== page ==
'Arrow' mid-season finale post-mortem: Scoop on all those surprises!

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Image Credit: Diyah Pera/The CW

SPOILER ALERT: If you haven’t seen Wednesday’s midseason finale of Arrow, do not read on!

Barry Allen is on the welcome mat of his Flash destiny as of the end of tonight’s mid-season finale of CW’s Arrow. But the moment — where Allen was embraced by a jolt of electricity — was far from the only big development in the hour.

Below, executive producers Andrew Kreisberg, Greg Berlanti, and Colton Haynes break down all of the episode’s biggest twists.

ON WHAT’S NEXT FOR BARRY ALLEN: 

…and just like that, Barry is the Flash.

But because producers recently nixed plans to make a backdoor pilot in the 20th episode of Arrow — opting instead to do a standalone Flash pilot — where does that leave the story of Barry Allen in the Arrow-verse? “In the back half of the year, you hear about what happened to him in the way that you’re hearing now about S.T.A.R. labs on the periphery,” assures Berlanti.

Meanwhile, he says, they’re still determining whether Allen will appear in episode 20 in some way but current plans have the episode not diverging from the action of the season. “In some ways making that the backdoor pilot made things a little harder because we had to make a right turn from our ongoing story to incorporate that. In some ways, this has freed us to take the Flash and just do the Flash separately,” Kreisberg says.

Another benefit? They have a little more time to introduce the Flash’s suit. “We knew that if we did episode 20 as its own standalone episode, we’d have to find a real reason for people to — in addition to the quality of the show — to come back in episode 1 [of Flash], ” said Berlanti. “When you make a standalone pilot , you sort of have to remake the pilot [in the first episode of the other show]. For notes on how difficult this is, ask [Vampire Diaries/Originals creator] Julie Plec. So we thought the suit would be a perfect way to introduce that in time span between [episode] 20 and [episode] 1 [of Flash]. That will be in the pilot episode now.”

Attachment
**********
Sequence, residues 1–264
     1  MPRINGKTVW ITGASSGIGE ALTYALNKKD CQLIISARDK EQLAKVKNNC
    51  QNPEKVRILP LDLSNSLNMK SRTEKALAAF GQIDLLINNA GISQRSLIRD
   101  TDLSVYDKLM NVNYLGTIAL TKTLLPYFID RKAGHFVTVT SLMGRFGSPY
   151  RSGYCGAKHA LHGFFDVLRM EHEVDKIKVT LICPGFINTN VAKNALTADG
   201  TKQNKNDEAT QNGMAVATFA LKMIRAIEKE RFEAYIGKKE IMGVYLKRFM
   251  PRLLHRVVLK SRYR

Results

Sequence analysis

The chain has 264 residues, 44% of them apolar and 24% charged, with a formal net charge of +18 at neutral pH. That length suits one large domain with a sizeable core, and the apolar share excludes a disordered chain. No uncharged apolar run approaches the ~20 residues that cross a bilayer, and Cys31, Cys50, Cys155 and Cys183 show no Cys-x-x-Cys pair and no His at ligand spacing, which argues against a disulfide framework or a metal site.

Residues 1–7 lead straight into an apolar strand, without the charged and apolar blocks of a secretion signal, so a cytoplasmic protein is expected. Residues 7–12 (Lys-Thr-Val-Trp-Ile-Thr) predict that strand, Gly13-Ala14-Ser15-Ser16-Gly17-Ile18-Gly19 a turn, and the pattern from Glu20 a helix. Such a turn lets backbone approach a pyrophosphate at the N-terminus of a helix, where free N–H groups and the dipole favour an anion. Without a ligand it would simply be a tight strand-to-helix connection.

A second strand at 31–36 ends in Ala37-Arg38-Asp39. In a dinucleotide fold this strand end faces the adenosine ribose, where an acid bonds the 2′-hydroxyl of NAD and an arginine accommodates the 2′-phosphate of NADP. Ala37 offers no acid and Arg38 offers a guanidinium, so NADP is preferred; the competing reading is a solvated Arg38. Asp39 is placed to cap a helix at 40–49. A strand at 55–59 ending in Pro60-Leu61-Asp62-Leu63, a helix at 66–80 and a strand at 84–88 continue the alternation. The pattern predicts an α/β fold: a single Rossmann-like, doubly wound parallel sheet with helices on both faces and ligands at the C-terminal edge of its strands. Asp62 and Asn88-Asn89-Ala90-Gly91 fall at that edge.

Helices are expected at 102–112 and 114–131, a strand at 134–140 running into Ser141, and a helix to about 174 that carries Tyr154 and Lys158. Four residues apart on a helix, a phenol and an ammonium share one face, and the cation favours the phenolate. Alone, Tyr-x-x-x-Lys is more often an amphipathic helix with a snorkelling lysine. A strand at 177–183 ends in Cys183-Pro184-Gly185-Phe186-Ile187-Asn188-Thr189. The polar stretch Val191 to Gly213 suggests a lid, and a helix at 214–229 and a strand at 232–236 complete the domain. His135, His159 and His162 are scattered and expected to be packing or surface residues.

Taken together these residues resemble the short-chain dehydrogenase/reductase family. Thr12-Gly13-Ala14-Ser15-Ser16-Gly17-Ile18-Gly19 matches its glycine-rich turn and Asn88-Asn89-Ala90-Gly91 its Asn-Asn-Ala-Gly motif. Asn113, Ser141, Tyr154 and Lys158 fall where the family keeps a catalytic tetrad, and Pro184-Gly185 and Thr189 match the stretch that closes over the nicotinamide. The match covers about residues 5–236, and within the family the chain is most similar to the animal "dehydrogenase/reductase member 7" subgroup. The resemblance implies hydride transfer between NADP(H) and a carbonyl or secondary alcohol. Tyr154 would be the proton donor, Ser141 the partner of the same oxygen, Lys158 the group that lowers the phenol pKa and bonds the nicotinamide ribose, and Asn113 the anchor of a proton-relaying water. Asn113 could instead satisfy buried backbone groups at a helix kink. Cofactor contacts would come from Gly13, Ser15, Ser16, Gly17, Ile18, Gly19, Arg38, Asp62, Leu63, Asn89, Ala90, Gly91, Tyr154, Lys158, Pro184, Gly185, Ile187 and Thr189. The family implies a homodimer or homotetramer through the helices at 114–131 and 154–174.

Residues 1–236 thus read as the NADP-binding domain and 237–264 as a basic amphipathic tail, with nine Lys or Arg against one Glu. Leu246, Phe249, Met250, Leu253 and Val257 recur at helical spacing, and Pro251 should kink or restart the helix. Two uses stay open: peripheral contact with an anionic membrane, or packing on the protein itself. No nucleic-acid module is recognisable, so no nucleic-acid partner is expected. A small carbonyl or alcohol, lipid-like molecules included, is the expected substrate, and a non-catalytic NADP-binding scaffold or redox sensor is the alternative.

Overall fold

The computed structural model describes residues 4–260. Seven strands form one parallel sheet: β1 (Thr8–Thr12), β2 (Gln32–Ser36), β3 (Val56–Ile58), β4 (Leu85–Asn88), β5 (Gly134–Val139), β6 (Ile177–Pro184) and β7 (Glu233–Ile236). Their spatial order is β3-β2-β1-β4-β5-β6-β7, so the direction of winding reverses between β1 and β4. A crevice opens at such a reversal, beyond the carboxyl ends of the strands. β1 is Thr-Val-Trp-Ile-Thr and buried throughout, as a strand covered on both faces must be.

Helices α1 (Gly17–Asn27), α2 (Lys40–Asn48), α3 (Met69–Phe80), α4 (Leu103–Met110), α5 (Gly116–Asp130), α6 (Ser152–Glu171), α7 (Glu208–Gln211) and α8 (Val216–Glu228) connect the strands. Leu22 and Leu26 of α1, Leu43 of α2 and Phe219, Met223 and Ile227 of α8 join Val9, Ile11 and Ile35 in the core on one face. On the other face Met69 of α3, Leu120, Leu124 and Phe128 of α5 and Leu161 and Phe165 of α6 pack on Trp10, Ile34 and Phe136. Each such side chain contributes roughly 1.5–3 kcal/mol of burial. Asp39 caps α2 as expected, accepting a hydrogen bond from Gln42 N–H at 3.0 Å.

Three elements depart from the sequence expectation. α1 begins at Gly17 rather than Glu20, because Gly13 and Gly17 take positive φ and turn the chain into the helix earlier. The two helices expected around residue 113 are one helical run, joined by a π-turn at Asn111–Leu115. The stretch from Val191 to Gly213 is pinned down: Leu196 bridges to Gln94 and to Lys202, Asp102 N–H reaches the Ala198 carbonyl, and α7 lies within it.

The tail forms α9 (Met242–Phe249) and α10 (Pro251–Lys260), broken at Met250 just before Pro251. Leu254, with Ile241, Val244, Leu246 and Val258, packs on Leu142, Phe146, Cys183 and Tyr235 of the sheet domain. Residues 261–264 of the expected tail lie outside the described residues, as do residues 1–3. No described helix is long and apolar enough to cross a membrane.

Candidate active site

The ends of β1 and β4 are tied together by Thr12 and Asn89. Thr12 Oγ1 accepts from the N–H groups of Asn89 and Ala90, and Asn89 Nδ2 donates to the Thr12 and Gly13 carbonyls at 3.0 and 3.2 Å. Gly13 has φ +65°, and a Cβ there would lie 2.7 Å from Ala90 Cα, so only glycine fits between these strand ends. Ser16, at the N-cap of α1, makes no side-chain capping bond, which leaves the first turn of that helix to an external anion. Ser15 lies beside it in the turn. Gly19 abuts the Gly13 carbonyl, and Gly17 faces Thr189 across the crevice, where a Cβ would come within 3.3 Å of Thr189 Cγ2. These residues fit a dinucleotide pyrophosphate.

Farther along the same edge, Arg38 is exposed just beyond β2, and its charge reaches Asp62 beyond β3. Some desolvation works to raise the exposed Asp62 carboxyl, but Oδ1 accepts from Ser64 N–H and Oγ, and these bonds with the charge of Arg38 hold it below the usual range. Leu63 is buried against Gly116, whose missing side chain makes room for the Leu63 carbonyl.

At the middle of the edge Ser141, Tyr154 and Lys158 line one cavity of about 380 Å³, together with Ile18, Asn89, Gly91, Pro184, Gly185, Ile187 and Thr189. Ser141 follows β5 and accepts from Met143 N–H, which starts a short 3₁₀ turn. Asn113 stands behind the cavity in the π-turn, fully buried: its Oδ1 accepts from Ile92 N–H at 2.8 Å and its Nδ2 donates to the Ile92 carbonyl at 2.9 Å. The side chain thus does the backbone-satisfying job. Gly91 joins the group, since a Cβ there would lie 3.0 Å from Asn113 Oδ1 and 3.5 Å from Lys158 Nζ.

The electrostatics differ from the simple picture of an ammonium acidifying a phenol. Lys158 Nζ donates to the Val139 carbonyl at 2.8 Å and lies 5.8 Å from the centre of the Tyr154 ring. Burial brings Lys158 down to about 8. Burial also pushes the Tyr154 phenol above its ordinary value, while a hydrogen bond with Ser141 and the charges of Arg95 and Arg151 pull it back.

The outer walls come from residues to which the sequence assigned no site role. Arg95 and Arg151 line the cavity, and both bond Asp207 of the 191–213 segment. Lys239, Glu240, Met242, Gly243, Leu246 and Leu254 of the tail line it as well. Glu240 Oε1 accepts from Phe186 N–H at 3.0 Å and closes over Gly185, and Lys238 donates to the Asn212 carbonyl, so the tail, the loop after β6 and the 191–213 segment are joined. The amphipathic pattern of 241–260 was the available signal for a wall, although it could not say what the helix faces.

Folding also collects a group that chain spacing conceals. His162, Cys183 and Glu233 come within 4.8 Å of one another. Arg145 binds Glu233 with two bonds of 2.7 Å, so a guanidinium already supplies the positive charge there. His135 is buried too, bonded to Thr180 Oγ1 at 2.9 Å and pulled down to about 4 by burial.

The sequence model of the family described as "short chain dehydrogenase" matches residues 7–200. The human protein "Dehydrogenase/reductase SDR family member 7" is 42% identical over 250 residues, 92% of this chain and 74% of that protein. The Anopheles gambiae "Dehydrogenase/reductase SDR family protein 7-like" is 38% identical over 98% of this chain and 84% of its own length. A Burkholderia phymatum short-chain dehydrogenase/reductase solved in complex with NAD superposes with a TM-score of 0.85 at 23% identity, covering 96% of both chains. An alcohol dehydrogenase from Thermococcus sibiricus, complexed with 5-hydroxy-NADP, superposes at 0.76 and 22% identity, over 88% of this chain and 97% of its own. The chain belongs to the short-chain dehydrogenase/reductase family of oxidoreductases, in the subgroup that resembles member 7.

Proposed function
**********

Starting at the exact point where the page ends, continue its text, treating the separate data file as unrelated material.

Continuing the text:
ON ROY BEING INJECTED WITH MIRAKURU

“One of the things you’ll find as we go along is that it’s a deep-seeded anger inside of you that lets you survive the Mirakuru transformation, which is something Slade had, which is why he lived, and it’s why Roy lived,” teases Kreisberg of Roy’s upcoming troubles. “One of the fun things that will be happening the back half of the year is his relationship with the Arrow and how that changes and how the Arrow basically makes it his mission to not let Roy go down the Slade path and that’s going to take some twists and turns that will hopefully surprise people and they’ll enjoy.”

Haynes adds that Roy’s changing demeanor is also going to have an effect on the “mini-dream team,” comprised of Roy, Thea, and Sin. “Roy is now going to be so volatile with these new-found abilities, if you will. He’s going to have to be on a very strict watch,” he says. “Roy’s going to have to spend a lot of time with Arrow — even more than he has — to be monitored and to see if he’s going to go down the right path or not.”

ON TOMMY’S CAMEO: 

When the producers decided the episode would find Oliver visited by ghosts from his past, it was a no-brainer to bring back Oliver’s late BFF Tommy (Colin Donnell) for a visit. “When we were breaking the story [Berlanti and I] literally had the same idea at the same time,” Kreisberg said. “Colin is such a friend of the show and was so important to the success of season 1. And so much of this season is based around that character and his loss and what a hole he left in the show. So it really fit with this season’s arc of Oliver’s journey from going to vigilante to hero. And the person that he feels like he failed.”

ON THE MASK: 

EW was the first to bring fans a look at Oliver’s new mask, and when deciding to incorporate that element into the show, says Berlanti, they wanted to make sure it was a moment to remember. “We like to think of the episodes as ‘the one where…’and ‘the one where he gets his mask’ is such an iconic moment,” he says. But even with all the thought that went into the mask — they played with more than 50 designs — the execution was not without its small complications. “Obviously we’ve talked a lot about the show being about his transition from vigilante to hero, and we always thought of the grease paint as coming from the island and as it turns out, we of course realize [after making the mask that] he still needs a little grease paint [around his eyes],” Berlanti says, laughing. “So for all the audience members who have asked, ‘When does he stop and put on the makeup?’ when he goes after the bad guys, he now has to stop, put on the mask, and put a little bit of makeup right in here before he goes after the bad guys.”

ON BADDIE SLADE: 

“I would say [he's] very much the drive of the second half of the season,” says Berlanti. “Last year, we had Malcolm as sort of a single bad guy and twisting and turning that. This year, we’ve got a two-pronged approach to the bad guy.” And Oliver’s knowledge about only one of those bad guys, he says, “helps us change the rhythms of the back half of the year from what we would have done last year.”

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